Washington University concluded the semester’s first two weeks of online classes Friday, marking the first time most courses have been fully remote since Spring 2021. For many students, the return to remote learning signified a rocky start to the semester.
Professors across Washington University were required to declare by Nov. 6 whether they will conduct their classes online, hybrid or in-person for the spring 2021 semester.
While classes are ramping up after a whirlwind first week, the COVID-19 pandemic has forced faculty and students alike to be flexible and cautious in order to stay safe.
As a unique semester begins to take shape, many questions remain unanswered for the unprecedented contingent of students taking classes from outside of the United States.
With the announcement that summer classes at Washington University will be fully online, course offerings and academic resources are being updated to suit the remote learning environment.
Washington University administrators are deciding whether to return to in-person instruction, continue distance learning or find a different solution altogether.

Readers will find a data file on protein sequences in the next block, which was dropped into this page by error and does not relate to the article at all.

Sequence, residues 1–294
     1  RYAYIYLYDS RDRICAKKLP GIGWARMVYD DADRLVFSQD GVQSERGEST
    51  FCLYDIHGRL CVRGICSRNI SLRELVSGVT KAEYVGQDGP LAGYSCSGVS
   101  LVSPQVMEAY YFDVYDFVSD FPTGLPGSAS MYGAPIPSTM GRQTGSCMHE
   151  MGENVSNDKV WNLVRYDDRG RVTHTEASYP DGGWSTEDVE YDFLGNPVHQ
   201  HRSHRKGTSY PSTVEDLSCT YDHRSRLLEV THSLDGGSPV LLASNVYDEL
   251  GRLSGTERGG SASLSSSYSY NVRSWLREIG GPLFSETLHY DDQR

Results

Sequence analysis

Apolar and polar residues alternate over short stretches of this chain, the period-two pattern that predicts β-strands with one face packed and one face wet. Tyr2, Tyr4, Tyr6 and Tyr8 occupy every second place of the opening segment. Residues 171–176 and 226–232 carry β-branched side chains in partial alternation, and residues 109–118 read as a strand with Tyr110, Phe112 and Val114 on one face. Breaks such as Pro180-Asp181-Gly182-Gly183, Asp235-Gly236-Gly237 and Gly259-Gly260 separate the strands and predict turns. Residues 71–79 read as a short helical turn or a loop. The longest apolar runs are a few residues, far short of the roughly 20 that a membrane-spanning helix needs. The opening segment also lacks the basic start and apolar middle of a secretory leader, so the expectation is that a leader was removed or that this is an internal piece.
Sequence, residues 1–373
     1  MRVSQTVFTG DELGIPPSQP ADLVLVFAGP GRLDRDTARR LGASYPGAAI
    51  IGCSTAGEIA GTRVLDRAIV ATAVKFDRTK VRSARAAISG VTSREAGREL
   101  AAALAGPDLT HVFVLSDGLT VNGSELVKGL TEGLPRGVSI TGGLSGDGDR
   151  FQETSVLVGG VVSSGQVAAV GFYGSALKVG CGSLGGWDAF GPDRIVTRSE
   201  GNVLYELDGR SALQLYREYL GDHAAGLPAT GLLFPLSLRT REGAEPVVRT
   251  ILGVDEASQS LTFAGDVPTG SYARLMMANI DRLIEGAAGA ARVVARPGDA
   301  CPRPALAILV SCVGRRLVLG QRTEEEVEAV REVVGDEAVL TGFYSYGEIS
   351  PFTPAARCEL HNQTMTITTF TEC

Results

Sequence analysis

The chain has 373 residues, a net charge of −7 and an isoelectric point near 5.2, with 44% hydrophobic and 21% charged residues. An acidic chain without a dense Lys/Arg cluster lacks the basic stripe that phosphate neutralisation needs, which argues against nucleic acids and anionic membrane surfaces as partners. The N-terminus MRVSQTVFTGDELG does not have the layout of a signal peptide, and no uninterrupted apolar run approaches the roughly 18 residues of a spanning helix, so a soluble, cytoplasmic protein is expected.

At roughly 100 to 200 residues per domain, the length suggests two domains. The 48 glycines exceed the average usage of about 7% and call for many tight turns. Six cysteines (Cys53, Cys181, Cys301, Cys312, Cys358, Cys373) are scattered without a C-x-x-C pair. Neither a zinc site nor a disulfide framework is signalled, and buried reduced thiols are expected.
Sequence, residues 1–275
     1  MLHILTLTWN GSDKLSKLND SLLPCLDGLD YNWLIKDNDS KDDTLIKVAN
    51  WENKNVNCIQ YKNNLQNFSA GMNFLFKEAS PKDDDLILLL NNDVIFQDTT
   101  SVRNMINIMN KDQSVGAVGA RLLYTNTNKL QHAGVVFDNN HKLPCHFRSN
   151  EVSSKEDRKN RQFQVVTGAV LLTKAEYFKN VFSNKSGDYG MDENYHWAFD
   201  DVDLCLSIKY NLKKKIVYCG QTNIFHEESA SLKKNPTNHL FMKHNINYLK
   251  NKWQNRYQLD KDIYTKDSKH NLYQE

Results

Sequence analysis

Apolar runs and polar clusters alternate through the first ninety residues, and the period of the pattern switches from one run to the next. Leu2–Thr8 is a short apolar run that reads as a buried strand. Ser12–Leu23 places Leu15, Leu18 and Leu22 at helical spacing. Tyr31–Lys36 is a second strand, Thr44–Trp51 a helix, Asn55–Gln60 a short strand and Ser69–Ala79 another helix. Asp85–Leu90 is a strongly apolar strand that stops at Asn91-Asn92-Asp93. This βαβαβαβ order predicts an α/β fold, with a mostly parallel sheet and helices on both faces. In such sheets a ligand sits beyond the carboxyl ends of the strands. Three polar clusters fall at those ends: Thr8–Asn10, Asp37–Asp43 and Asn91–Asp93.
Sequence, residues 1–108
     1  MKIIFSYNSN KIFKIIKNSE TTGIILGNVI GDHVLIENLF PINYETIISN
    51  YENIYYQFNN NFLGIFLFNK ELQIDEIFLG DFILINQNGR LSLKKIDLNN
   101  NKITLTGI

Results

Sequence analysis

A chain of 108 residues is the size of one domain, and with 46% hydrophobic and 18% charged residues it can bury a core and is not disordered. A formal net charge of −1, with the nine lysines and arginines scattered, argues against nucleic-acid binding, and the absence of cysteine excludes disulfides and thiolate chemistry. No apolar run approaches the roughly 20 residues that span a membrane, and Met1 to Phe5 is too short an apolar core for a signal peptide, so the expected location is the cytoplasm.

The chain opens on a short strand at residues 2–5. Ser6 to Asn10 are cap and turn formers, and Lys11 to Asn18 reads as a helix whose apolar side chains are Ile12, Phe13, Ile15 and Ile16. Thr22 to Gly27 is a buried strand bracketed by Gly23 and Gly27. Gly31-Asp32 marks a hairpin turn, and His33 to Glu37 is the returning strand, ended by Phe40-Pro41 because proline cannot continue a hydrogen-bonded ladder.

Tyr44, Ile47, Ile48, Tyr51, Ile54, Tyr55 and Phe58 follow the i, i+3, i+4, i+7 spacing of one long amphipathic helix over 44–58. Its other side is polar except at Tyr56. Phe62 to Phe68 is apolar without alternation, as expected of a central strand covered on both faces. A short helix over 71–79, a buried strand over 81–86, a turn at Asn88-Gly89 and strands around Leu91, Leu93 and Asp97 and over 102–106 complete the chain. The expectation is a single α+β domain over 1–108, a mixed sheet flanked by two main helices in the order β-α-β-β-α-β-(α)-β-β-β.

With many students’ lives disrupted or completely upended by the COVID-19 crisis, many have taken advantage of the University’s recently-expanded pass/fail policies.
With much of the country on lockdown and the economy heading towards a recession, many graduating seniors feel they are entering the workforce at an inopportune time.
The Department of Overseas Programs at Washington University is making day-by-day decisions as to whether fall 2020 study abroad programs will be able to continue as planned, in part due to if travel restrictions will be lifted in time.
The office of the Dean of the College of Arts & Sciences and the Physics Department are currently investigating an incident in which Physics 192 exam solutions were posted on Chegg during the exam period.
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